- Convoy carrying police cadets on outskirts of Kabul targeted
- Taliban claims responsibility for Afghanistan suicide bombings
Taliban suicide bombers targeted a convoy of Afghan police cadets and trainers on Thursday, killing at least 30 on the western outskirts of Kabul, the worst single attack in the capital in two months.
The twin suicide attacks also wounded about 60 people when the Taliban bombers ambushed five police buses, two of which were destroyed by the blasts, said Sediq Sediqqi, a spokesman for Afghanistan’s Interior Ministry. A Taliban spokesman, Zabihullah Mujahed, said in an e-mail that the insurgent group claimed responsibility for the attack. One suicide bomber on foot detonated explosives, followed by another in a car shortly after the first blast, he said.
“This heinous Taliban crime is a sign of their defeat on the battlefield,” Afghanistan’s President Ashraf Ghani said in a statement following the attack. “It reveals Taliban’s callous and merciless nature.”
Thursday’s violence is the deadliest in the capital since 64 people were killed and hundreds wounded after Taliban militants launched an attack on an elite Afghan intelligence agency in central Kabul on April 19. It also comes 10 days after 14 Nepalese security guards were killed in the city by a bomber who targeted a bus they were traveling in.
The conflict in Afghanistan has continued unabated after the Taliban named Maulavi Haibatullah Akhundzada their new leader last month, succeeding Mullah Akhtar Mohammad Mansour, who was killed by a U.S. drone strike on May 21 near the Afghanistan-Pakistan border. Akhundzada vowed to continue the insurgency and has said peace talks will only take place when all foreign troops leave.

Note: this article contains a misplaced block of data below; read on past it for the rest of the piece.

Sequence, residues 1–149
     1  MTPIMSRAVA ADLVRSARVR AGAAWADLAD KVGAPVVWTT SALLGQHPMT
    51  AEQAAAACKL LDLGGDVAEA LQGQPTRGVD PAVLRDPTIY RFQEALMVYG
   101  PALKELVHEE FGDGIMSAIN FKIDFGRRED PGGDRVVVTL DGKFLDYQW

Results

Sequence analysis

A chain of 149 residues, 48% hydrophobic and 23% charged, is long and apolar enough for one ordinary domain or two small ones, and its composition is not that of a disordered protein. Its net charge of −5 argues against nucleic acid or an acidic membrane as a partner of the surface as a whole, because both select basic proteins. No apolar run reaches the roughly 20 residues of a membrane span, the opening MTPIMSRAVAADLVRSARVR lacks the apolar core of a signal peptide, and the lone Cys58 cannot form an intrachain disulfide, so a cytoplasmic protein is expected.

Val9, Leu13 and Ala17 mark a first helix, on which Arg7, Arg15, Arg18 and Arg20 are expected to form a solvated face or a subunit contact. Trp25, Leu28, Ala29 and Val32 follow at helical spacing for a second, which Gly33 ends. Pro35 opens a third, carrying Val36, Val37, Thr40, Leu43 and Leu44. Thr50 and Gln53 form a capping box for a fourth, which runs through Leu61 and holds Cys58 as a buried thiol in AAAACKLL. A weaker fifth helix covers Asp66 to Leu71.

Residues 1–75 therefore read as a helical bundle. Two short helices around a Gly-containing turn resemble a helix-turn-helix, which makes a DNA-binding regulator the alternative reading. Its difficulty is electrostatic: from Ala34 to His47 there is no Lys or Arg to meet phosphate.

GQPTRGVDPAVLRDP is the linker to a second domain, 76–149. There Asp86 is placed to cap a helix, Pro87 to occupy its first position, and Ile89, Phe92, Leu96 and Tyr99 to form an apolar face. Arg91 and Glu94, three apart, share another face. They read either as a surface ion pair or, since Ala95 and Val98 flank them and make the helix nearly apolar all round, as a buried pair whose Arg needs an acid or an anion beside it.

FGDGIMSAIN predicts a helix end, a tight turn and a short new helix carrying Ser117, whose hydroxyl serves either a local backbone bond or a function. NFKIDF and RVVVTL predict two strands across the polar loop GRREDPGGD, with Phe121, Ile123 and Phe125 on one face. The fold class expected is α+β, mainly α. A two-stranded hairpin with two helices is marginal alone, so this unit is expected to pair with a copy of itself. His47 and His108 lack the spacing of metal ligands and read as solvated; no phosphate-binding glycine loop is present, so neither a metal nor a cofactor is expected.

The U.S., China, Afghanistan and Pakistan have failed to make headway on peace talks with the Taliban, forcing U.S. President Barack Obama to alter plans for removing most American troops from Afghanistan by the end of his term.
The war in Afghanistan killed or wounded a record 11,000 civilians last year, taking the total toll to 60,000 since the United Nations began compiling the data in 2009. The conflict against the Taliban, now in its 15th year, has cost the U.S. more than $700 billion and killed more than 2,300 American soldiers.
Obama this month broadened the U.S. military mission in Afghanistan he had long hoped would be over by year-end. U.S. troops who had been aiding their Afghan counterparts in training and advising, were authorized to also accompany them on the ground and with air support.